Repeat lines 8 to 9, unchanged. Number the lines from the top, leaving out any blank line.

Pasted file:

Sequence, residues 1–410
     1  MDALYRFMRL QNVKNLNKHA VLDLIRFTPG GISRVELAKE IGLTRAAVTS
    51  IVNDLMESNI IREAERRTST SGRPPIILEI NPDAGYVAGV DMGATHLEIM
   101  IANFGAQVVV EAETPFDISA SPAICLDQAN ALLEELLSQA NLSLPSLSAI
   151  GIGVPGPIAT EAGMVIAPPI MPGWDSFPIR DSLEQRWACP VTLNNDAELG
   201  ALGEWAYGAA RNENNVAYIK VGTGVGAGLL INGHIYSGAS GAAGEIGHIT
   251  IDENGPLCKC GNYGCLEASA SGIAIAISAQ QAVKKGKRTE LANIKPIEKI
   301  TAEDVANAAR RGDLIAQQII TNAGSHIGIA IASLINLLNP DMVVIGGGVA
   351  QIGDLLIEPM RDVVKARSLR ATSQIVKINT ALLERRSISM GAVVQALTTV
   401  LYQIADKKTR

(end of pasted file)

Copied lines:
   301  TAEDVANAAR RGDLIAQQII TNAGSHIGIA IASLINLLNP DMVVIGGGVA
   351  QIGDLLIEPM RDVVKARSLR ATSQIVKINT ALLERRSISM GAVVQALTTV